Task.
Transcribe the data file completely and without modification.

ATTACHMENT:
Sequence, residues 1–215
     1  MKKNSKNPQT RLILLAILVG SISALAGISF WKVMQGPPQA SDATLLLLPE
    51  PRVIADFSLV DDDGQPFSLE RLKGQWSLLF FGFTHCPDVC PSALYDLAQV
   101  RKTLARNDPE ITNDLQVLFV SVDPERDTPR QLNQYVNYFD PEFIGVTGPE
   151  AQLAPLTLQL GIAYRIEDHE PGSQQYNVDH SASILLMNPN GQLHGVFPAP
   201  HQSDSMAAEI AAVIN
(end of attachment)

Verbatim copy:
Sequence, residues 1–215
     1  MKKNSKNPQT RLILLAILVG SISALAGISF WKVMQGPPQA SDATLLLLPE
    51  PRVIADFSLV DDDGQPFSLE RLKGQWSLLF FGFTHCPDVC PSALYDLAQV
   101  RKTLARNDPE ITNDLQVLFV SVDPERDTPR QLNQYVNYFD PEFIGVTGPE
   151  AQLAPLTLQL GIAYRIEDHE PGSQQYNVDH SASILLMNPN GQLHGVFPAP
   201  HQSDSMAAEI AAVIN